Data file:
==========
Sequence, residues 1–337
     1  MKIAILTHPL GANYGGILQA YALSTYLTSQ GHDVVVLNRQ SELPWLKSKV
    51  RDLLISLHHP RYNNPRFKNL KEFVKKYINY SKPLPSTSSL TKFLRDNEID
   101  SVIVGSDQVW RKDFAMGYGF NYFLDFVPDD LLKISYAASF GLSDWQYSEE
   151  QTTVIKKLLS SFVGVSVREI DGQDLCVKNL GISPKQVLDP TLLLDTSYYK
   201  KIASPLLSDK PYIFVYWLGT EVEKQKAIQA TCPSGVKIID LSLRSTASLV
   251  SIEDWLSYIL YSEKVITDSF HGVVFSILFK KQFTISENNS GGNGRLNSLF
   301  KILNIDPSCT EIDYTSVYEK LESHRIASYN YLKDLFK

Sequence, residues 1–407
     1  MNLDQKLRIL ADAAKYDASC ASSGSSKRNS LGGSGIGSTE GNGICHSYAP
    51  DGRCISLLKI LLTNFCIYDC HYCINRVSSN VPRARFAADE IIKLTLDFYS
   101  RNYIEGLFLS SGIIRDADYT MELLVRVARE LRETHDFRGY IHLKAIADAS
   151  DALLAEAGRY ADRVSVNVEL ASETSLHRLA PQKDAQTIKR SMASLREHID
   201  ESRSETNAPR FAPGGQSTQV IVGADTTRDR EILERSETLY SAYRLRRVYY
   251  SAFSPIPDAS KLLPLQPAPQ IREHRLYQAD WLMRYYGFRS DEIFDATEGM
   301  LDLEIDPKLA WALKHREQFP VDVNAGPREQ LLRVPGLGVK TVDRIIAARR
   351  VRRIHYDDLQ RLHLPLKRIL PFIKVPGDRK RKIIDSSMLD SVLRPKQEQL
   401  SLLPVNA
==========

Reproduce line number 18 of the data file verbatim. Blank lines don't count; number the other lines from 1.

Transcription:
   401  SLLPVNA